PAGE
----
Lastly, county officials must safeguard public health from industrial agricultural operations. They must demand that the state protect the health and safety of their communities and the Coosa River.


Alabama, Georgia

Clean drinking water, public health,
wildlife habitat

While heavily impacted by dams, the Coosa River remains one of the South’s most important rivers for its rich biodiversity. However, the Coosa River and its tributaries are being choked by waste and pollution from massive industrial poultry farms. The pollution is a significant threat to drinking water and the health and well- being of the river’s communities. The Environmental Protection Agency must demand that state agencies enforce existing Clean Water Act safeguards to protect clean water, fish and wildlife and public health.

For More Information

Ben Emanuel

American Rivers

(706) 340-8868

[email protected]  


Justinn Overton

Coosa Riverkeeper

(205) 981-6565

[email protected] 


Jesse Demonbreun-Chapman

Upper Coosa Riverkeeper/Coosa River Basin Initiative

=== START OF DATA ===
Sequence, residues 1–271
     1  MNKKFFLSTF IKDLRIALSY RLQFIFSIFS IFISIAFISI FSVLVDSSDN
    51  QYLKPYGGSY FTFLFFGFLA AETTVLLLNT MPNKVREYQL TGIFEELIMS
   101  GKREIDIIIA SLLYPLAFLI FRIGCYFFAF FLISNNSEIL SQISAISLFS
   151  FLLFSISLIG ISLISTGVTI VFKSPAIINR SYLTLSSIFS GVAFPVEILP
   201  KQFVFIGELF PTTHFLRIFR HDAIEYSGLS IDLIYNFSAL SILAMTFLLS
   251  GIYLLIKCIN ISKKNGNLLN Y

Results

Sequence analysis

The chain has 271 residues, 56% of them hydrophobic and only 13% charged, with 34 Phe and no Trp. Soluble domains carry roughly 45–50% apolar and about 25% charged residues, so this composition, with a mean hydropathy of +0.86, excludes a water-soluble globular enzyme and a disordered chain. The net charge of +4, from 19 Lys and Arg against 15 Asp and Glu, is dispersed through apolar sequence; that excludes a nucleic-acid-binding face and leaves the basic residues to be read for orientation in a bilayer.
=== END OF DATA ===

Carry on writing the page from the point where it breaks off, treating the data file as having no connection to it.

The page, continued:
(706) 232-2724

[email protected] 


America’s Most Endangered Rivers® of 2022

#1 Colorado River

State: CO, UT, AZ, NV, CA, WY, NM, Mexico

Threat: Climate change, outdated water management


#2 Snake River

State: ID, WA, OR

Threat: Four federal dams


#3 Mobile River

State: AL

Threat: Coal ash contamination


#4 Maine’s Atlantic Salmon Rivers

State: ME

Threat: Dams


#5 Coosa River

State: TN, GA, AL

Threat: Agricultural pollution


#6 Mississippi River

State: MN, WI, IL, IA, MO, KY, TN, AR, MS, LA

Threat: Pollution, habitat loss

#7 Lower Kern River

State: CA

Threat: Excessive water withdrawals


#8 San Pedro River

State: AZ

Threat: Excessive water pumping; loss of Clean Water Act protections


#9 Los Angeles River

State: CA

Threat: Development, pollution


#10 Tar Creek

State: OK

Threat: Pollution



American Rivers believes a future of clean water and healthy rivers for everyone, everywhere is essential. Since 1973, we have protected wild rivers, restored damaged rivers and conserved clean water for people and nature. With headquarters in Washington, D.C., and 300,000 supporters, members and volunteers across the country, we are the most trusted and influential river conservation organization in the United States, delivering solutions for a better future. Because life needs rivers.